Let the dividends lead you to the promised land | Smart Change: Personal Finance

(Steven Walters)

The comprehensive investment portfolio should include companies that pay dividends. As a shareholder, dividends are a way to reward them for holding your investment and, when used in the right way, can make up a good portion of your total portfolio return. However, not all companies that pay equal dividends are created. If you are looking for consistent and well-established companies, look no further than Dividend Kings.

Here’s why you should let them lead you to the Promised Land.

Image source: Getty Images.

They have stood the test of time

Distribution kings They got their honorable title because they have been able to increase their annual earnings for at least 50 consecutive years. Being able to hold a dividend for so long is an achievement in itself, but being able to increase it for those many years is an entirely different achievement. With Dividend Kings, you know you are investing in companies that have stood the test of time.

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Any company with the title of Dividend King in 2022 has increased its dividend since 1972, at least. During that time, these companies have successfully navigated some of the toughest economic conditions the United States has ever seen. Profit kings have succeeded in achieving this by:

  • Black Monday (1987).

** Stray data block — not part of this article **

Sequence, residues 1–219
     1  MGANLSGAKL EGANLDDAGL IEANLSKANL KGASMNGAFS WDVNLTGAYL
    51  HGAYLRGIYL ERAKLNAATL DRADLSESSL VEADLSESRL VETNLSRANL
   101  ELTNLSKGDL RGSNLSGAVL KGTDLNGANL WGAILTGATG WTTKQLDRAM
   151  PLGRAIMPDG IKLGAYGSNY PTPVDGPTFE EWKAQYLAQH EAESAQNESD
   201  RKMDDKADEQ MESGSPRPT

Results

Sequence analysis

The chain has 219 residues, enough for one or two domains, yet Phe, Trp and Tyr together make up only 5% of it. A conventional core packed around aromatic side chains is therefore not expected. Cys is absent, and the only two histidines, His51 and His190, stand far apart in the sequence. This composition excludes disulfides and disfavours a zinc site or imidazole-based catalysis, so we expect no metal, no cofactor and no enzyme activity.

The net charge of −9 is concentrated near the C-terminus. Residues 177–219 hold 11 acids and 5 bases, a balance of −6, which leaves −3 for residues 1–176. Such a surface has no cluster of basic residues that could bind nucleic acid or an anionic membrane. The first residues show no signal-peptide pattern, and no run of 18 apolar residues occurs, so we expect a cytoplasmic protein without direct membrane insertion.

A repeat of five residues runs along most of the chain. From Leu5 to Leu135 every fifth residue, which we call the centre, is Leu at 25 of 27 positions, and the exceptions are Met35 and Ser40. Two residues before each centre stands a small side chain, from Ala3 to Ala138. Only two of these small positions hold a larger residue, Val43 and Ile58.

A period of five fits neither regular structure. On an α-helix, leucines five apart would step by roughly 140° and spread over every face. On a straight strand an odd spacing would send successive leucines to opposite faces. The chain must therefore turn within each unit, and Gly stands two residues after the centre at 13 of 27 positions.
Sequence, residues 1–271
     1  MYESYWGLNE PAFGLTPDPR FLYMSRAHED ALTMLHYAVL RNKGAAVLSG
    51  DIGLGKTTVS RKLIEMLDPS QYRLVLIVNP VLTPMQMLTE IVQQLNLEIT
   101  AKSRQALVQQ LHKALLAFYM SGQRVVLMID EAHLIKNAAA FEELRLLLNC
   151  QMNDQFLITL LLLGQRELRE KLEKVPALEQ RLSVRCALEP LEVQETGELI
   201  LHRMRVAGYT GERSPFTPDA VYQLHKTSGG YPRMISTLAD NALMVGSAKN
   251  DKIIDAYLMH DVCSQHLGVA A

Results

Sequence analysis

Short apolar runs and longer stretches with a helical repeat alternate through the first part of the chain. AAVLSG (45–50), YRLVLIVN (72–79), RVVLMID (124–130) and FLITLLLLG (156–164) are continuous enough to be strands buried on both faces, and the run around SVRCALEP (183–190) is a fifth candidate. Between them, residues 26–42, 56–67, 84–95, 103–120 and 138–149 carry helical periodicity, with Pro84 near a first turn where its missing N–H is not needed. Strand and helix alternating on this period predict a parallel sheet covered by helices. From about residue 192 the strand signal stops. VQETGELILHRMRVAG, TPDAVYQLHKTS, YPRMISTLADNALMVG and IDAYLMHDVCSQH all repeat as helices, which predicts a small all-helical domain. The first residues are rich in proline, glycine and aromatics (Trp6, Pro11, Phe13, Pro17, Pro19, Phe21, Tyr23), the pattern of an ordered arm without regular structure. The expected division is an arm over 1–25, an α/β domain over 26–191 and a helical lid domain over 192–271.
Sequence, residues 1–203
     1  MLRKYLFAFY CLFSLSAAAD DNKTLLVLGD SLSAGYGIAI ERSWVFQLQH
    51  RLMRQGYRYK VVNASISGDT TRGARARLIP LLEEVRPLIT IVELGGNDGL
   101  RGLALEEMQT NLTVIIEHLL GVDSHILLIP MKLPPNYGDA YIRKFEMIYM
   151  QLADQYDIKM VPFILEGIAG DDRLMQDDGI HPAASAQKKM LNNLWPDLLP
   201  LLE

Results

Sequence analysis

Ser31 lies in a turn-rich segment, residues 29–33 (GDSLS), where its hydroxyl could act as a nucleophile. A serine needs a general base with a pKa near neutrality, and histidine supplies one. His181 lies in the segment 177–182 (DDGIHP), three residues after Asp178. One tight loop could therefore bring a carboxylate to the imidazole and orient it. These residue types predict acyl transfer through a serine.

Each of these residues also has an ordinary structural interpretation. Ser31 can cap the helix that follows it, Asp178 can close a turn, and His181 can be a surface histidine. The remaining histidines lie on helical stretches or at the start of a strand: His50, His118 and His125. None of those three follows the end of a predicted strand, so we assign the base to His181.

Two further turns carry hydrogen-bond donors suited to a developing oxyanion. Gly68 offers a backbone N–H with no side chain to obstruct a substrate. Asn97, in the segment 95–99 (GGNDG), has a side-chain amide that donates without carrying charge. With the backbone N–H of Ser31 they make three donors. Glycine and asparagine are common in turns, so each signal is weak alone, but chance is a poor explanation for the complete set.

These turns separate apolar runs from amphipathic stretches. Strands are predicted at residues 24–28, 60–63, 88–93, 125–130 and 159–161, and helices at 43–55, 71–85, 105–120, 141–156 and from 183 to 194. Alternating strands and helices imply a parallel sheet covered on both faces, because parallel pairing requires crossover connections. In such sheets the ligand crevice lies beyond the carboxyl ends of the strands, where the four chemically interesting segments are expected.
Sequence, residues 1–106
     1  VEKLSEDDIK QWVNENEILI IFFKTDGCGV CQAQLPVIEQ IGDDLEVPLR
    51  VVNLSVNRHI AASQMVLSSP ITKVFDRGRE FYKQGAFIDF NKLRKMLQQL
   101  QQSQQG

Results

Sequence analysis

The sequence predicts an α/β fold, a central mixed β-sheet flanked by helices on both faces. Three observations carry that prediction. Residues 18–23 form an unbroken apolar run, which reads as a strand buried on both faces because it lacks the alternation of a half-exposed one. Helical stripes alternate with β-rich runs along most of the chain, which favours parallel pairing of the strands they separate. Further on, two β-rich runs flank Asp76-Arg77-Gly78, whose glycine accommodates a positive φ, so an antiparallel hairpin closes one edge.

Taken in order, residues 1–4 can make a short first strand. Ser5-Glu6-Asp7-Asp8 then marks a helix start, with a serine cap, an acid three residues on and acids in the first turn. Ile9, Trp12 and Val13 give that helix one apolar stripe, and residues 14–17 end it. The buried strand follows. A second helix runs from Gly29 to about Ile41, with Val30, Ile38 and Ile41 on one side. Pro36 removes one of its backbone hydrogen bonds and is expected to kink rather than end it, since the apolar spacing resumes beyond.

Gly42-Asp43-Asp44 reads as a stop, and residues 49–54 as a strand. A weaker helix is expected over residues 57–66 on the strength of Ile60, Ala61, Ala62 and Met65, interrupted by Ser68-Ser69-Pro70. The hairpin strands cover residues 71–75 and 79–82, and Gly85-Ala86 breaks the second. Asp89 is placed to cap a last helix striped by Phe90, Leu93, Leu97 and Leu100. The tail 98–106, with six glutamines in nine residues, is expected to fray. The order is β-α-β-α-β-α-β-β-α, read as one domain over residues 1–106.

• The collapse of the dot-com bubble (2000).
  • The Great Recession/ The financial crisis (2008-2009).
  • COVID-19 pandemic (2020).

There were many powerful companies that had to cut their profits during those times, including notable Fortune 500 companies, but Dividend Kings stood tall and weathered the storm.

THERE IS POWER IN DRIP

While receiving dividends can be a great source of income, the real power comes when you register with your brokerage firm. Dividend Reinvestment Program (drip). With DRIP, any cash dividends you receive are automatically used to buy more shares in any company or fund that you paid them. This adds to the power of compound interest.

Let’s imagine that we have two funds – one with no dividends and one with a dividend yield of 2.5% – and we have contributed $500 to both per month, earning an annual return of 10% (the historical average of the S&P 500 index). Assuming the dividend yield remains the same, here’s what the account totals will look like in 25 years:

finance profit return Contribution amount in 25 years Total account after 25 years
chest 1 0% 150 thousand dollars 590 thousand dollars
Box 2 2.5% 150 thousand dollars $864,000

Data source: author accounts

With no extra effort, receiving (and reinvesting) the dividends increased your total account by about $274,000. As a dividend investor, it helps to delay receiving cash payments until the retirement, when obtaining an additional source of income is more beneficial. Until then, you can reap big rewards with DRIP. Even if you manage to put $500,000 into a fund with a 2.5% return, that’s $12,500 in annual payments.

More importantly, it helps to invest in Dividend Kings because, in good faith, you can not only count on profits, but also expect them to increase. Your dividend increases, your number of shares increases, and you receive higher payouts; It’s a cycle that you want to get stuck in.

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